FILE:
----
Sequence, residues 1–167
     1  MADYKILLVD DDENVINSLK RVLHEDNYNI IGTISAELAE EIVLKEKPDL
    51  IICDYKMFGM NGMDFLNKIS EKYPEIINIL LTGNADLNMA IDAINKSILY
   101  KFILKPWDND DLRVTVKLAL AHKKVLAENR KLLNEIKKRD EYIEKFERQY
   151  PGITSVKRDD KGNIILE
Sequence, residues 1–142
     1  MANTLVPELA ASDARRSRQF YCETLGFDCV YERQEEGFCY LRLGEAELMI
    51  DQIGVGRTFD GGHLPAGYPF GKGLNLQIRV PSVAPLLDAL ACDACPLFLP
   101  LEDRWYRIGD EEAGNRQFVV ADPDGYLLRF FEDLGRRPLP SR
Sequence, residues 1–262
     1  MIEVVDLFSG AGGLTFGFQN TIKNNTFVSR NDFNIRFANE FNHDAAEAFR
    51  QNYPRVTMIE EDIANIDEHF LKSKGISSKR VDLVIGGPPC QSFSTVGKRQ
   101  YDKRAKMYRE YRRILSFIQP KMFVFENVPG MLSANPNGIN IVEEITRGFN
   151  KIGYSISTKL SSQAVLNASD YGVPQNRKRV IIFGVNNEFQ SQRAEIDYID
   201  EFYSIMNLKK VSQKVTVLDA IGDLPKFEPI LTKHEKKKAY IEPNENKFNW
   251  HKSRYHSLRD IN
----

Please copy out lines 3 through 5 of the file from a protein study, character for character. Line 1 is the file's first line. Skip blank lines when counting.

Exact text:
    51  IICDYKMFGM NGMDFLNKIS EKYPEIINIL LTGNADLNMA IDAINKSILY
   101  KFILKPWDND DLRVTVKLAL AHKKVLAENR KLLNEIKKRD EYIEKFERQY
   151  PGITSVKRDD KGNIILE